Health

The Upside of Allergies: Fewer Brain Tumors (Maybe)

DiscoblogBy Patrick MorganFeb 8, 2011 4:18 PM

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The next time you sneeze at cat dander or suffer through a yearly dose of hay fever, you might want to thank your immune system: scientists have discovered that people with allergies are less likely to contract brain tumors. For the study, published in the journal Cancer Epidemiology, Biomarkers & Prevention, researchers surveyed patients with glioma, a common type of brain and spinal tumor. As Science News reports:

Several teams had previously explored the link between allergies and glioma, says UIC epidemiologist Bridget McCarthy, who led the study. Her team set out to confirm these results, cobbling together a wide list of variables. The researchers quizzed about 1,000 hospital patients with or without cancer about their allergy histories. Of the 344 patients with high-grade glioma, about 35 percent reported having been diagnosed with one or more allergies in their lifetimes, compared with about 46 percent of the 612 cancer-free respondents. About 10 percent of high-grade tumor patients had three or more allergy diagnoses, as opposed to 22 percent of the controls. “The more allergies you have, the more protected you were,” says McCarthy, an oncologist at UIC.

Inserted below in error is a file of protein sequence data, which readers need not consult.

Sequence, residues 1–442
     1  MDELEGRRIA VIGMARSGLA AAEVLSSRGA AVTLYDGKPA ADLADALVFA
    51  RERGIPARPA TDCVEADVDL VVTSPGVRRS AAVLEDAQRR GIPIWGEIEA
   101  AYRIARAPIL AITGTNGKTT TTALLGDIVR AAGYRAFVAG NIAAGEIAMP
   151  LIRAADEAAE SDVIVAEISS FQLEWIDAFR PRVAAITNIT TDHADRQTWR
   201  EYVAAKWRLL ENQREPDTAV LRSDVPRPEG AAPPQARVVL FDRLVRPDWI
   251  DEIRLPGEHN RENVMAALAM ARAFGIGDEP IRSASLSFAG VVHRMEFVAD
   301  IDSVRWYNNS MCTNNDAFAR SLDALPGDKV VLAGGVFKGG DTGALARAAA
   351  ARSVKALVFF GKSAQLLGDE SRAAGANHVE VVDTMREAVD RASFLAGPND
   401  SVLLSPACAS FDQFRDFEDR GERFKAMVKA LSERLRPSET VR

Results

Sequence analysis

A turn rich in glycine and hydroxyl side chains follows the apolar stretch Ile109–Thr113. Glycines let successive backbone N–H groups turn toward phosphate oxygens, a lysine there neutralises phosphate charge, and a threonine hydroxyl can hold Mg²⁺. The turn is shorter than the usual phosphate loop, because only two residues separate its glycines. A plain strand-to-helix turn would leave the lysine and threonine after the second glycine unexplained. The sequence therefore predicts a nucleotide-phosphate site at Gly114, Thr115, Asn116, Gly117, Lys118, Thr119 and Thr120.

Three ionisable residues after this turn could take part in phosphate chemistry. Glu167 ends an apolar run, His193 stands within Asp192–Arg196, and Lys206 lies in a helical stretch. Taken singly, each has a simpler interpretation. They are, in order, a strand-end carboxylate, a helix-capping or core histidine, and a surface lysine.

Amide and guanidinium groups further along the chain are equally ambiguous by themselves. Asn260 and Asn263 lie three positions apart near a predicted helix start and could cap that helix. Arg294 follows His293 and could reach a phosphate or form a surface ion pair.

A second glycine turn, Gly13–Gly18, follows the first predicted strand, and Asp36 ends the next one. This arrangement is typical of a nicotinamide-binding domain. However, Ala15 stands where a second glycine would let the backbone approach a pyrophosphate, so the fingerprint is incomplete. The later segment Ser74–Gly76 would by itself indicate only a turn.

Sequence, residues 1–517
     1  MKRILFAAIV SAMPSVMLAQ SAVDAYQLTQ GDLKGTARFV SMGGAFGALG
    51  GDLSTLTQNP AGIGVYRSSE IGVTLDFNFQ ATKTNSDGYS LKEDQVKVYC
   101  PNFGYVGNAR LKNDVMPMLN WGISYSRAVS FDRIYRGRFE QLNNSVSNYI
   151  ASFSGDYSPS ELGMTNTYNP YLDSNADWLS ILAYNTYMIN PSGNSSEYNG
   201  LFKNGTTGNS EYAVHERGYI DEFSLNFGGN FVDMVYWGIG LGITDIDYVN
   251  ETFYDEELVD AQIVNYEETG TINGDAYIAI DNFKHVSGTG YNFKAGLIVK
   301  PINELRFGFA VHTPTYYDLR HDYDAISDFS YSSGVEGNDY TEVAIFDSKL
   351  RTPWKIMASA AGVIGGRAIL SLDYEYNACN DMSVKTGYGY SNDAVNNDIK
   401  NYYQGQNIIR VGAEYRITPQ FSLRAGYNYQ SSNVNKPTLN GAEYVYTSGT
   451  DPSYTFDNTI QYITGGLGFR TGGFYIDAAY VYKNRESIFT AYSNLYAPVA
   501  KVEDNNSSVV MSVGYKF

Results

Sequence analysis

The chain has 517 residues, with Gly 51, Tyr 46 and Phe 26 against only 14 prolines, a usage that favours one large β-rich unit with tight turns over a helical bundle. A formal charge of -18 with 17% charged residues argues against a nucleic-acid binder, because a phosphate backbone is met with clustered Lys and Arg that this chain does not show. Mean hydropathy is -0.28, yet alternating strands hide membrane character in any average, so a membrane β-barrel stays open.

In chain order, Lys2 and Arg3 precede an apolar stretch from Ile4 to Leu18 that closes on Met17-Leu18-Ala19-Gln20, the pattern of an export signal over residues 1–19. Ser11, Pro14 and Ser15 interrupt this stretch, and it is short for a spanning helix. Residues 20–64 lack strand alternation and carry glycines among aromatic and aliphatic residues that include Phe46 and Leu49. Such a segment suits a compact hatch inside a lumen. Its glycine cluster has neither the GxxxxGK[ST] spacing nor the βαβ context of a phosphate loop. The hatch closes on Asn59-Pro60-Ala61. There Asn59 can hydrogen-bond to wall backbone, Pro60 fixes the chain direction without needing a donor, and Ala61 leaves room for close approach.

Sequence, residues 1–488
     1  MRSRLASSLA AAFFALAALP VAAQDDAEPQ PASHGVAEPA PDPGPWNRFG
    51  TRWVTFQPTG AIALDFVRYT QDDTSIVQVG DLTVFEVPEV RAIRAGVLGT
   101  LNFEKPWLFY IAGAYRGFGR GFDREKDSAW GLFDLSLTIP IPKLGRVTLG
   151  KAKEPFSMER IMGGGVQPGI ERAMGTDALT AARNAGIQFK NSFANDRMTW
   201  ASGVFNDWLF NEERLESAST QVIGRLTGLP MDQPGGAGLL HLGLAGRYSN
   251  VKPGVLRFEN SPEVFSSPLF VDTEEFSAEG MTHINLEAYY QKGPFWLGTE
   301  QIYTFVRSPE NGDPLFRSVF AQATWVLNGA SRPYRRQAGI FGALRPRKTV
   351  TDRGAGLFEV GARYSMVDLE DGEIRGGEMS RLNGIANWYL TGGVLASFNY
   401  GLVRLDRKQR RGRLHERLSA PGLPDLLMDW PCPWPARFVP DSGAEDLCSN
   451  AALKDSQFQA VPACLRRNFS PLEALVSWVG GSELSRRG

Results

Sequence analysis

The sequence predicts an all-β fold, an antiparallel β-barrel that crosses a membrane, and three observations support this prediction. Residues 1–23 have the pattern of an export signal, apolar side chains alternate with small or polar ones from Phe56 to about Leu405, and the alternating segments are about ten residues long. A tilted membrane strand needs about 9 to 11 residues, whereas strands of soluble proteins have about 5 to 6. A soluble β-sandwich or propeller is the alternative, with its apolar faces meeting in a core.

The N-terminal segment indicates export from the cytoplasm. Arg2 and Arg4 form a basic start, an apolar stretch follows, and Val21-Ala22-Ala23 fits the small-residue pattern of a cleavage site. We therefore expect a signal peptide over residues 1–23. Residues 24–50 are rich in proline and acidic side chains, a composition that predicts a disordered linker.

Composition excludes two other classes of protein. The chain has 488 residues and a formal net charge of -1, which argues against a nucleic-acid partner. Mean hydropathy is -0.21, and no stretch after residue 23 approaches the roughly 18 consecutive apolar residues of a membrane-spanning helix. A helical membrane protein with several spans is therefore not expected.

Researchers don't know for sure why this is the case, and this study only demonstrated a link between allergies and reduced glioma risk--it didn't prove that the one causes the other. But the researchers say it's quite plausible that people are protected by their allergies. Science News quotes Baylor Medical College oncologist Michael Scheurer:

“They have an overactive immune system, and maybe that’s been protecting them from the development of tumors,” he says.

Even more intriguing, the scientists found that those who took antihistamines to combat their allergies also had a higher chance of getting glioma. But you shouldn't be worried if you take antihistamines or don't have spring-time sneezes: brain tumors are rare and the study's sample size was small. The findings do, however, back up past research findings that link overactive immune systems with decreased likelihoods of childhood leukemia, colorectal, and pancreatic cancers. So come spring-time, you better count your lucky sneezes. Related Content: Discoblog: Sneezy After Sex? You Could Have Post Orgasmic Illness Syndrome 80beats: Ulcer- and Cancer-Causing Bacteria Also Protects Against Asthma 80beats: A Vaccine to Fight Alzheimer's Fails, but an Allergy Medicine Shows Promise 80beats: Are Antibiotic-Infused Products Causing Allergies in Kids? DISCOVER: Numbers: Allergies, From the Fecund Ragweed to Killer Peanuts

Image: Wikimedia Commons / CDC Public Health Image

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